Within a few hours a very different experience awaits. Gone will be the cool breezes, the hours of leisure and all the immunities of life on board, and there will be heat, flies, and clamour! Let us hope there will be compensating interests and delights! It is all unknown country to me.

Do not forget that letters written up to December 21 will reach us c/o Thos. Cook, Bombay, and let us have a good batch by every mail.

With greetings.



{1} Scander Bey Gabriel.

{2} 1 November.

Letter from Virginia Woolf to Emmeline Pethick-Lawrence

52 Tavistock Square, W.C.1.—Thanks her for her complimentary remarks on her book Three Guineas, and expresses admiration for the Pethick-Lawrences’ work for the women’s movement.



52 Tavistock Square, W.C.1
4th July 38

Dear Mrs Pethick Lawrence,

I have just got back from Scotland, & found your letter. None that I have had about Three Guineas has given me such pleasure. I was haunted by the fear that those who had a right to judge would think me impertinent—I have had so little experience myself. But no one has more right to judge than you have, & if the book seems to you useful I am greatly relieved. To me, the facts seemed so obvious that I wondered that they had not been stated before. Whether stating them does any good, I don’t know, but it was the only thing I could do, & silence had become intolerable to me.

May I take this chance of saying how greatly, when I was reading about the womens movement, I admired the work that you & your husband did for it? A wish not to mention the living—perhaps a foolish wish—made me quote the dead—otherwise I should have liked to express my admiration in writing.

I am glad you liked the pictures. They have educed {1}, I am pleased to find, rage in many quarters.

Thank you again for writing.

Yours sincerely
Virginia Woolf

Yes—the cutting you send is very interesting. May I hoard it along with other such facts?


{1} This word is indistinct.

Circular letter issued by Viscount Cecil of Chelwood

National Declaration Committee, 15 Grosvenor Crescent, London, S.W.1.—A number of societies are co-operating to obtain signatures to a National Declaration in support of the League of Nations and international disarmament. Sends a list of proposed questions (1/125) and asks for a contribution towards costs.

Letter from —— to Lord Pethick-Lawrence

The British Broadcasting Corporation,, Broadcasting House, London, W.1.—Invites him (retrospectively) to prepare and deliver, on stated terms, a radio talk on Ramsay MacDonald for the series ‘British Prime Ministers since 1900’ (cf. 5/123a–b).

(A printed form, with details typed in. Signed p.p. the Talks Booking Manager (the name is indistinct, but is probably Ronald Boswell).)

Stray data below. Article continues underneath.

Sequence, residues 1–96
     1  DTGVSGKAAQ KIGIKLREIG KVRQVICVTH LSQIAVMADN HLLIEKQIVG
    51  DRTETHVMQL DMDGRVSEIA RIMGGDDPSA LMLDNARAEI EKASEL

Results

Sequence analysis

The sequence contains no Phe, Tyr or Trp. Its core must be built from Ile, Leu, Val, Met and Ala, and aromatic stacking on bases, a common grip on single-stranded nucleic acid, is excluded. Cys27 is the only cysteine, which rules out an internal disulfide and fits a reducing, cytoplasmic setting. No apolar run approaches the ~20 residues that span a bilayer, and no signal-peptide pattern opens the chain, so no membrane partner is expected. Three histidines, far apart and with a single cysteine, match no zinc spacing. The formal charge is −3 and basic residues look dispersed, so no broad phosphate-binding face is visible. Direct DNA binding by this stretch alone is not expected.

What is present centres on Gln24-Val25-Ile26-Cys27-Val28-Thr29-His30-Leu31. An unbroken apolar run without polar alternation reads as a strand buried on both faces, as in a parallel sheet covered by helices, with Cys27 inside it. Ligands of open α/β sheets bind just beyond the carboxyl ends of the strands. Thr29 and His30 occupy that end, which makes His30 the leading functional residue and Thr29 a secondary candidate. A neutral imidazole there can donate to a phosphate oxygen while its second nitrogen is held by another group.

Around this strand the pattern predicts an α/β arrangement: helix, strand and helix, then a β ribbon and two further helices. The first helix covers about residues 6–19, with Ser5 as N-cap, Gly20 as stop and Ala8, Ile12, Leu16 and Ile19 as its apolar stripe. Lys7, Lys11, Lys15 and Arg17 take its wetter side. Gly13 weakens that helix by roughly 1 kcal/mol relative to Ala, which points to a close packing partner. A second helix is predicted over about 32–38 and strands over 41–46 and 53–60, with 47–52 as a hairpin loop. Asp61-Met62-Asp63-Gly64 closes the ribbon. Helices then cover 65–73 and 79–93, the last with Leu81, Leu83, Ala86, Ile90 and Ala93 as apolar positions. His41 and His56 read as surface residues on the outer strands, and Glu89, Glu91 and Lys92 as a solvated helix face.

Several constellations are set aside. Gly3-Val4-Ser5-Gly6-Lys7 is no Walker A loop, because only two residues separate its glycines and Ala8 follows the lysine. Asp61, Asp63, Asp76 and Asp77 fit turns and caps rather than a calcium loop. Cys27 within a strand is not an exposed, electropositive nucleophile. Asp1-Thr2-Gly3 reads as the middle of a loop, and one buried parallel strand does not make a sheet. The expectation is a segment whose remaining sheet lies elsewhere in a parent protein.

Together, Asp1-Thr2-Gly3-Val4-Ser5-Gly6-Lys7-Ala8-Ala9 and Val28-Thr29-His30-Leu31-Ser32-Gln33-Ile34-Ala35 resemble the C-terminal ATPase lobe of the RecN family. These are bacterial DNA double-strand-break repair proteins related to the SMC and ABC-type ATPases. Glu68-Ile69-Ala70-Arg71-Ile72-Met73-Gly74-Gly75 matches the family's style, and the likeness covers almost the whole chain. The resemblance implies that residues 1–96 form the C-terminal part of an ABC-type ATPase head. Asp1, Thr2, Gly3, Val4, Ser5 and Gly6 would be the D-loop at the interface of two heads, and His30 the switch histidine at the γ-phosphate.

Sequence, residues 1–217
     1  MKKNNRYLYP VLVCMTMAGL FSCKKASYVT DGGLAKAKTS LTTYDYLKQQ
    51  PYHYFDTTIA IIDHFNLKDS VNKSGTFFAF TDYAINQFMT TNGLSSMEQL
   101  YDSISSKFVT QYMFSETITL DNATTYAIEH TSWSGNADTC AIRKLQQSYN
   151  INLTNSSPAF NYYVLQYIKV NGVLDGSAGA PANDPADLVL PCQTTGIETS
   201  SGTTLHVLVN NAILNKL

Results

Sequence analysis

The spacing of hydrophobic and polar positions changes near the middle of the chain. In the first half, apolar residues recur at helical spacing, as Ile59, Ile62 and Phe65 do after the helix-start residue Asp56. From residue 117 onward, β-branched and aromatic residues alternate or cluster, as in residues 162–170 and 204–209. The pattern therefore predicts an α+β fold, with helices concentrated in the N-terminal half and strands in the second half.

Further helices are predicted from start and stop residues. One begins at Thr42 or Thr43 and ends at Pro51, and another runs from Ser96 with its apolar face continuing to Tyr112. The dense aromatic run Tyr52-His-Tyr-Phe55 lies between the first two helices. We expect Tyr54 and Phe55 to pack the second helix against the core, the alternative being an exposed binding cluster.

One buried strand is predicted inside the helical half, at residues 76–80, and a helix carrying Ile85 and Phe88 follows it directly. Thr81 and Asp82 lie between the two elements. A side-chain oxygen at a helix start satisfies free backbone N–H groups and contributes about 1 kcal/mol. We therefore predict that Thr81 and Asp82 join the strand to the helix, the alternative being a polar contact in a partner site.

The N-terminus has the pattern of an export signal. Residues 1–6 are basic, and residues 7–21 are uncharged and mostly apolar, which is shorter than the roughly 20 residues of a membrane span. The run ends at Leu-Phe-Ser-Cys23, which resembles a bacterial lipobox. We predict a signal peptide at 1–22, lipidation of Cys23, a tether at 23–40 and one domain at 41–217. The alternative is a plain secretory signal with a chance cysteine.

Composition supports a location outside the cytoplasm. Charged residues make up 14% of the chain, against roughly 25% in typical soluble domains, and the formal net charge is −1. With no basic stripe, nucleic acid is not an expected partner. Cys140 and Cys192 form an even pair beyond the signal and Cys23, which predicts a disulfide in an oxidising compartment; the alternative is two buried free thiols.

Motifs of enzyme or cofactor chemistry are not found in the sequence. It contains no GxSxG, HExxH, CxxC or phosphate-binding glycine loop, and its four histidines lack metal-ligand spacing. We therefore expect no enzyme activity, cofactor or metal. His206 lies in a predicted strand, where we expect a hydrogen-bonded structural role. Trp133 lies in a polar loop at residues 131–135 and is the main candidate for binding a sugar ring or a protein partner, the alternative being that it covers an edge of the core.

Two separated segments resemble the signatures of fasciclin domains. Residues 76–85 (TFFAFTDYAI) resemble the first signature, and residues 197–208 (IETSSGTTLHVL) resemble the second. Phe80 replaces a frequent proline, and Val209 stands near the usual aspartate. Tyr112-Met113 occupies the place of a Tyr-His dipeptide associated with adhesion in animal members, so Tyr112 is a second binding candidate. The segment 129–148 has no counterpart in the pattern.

Circular letter by F. W. Pethick-Lawrence

In the train from Bombay to Madras.—Describes the journey to India, and identifies some fellow-passengers. Gives his impressions of Bombay, and refers to meetings with Mrs Naidu and other Indians.

(Mechanical copy of a typed original.)



In the train from Bombay to Madras.
November 8th, 1926.

Though my wife and I have only been three days in India, so many crowded impressions have already been thrust upon us that I feel I must write them down at once for our friends at home before they are blurred by later images.

I must begin however with the voyage out, for our Indian education commenced almost immediately we stepped on the boat at Marseilles. It was a particularly full and representative ship for it was the most favoured date of the year for the return to India of those who had been fortunate enough to spend the “hot weather” in cooler climes than Asia.

Shipboard life makes for rapid acquaintanceship, and our shipmates included judges of the High Court of Bombay & Calcutta, soldiers of all commissioned ranks, civil servants, forest officers, traders, manufacturers, and commercial travellers. A score of Indians on board included Sir C. Ghose a High Court judge of Calcutta, Sir T. Vijagaraghavacharga (!) of Delhi who came straight from representing India with success in Canada, and Sleem {1} the famous lawn tennis player.

Social relationships between English and Indians are very often a little halting but my wife and I early got on to an excellent footing with all sections (Indian and English). In fact every one was not only very kind and friendly but most anxious to impress upon us their own point of view on Indian problems. Sometimes we could not help being amused by the anxiety, shown particularly by our English friends, lest we should come to hasty conclusions and publish them broadcast on our return.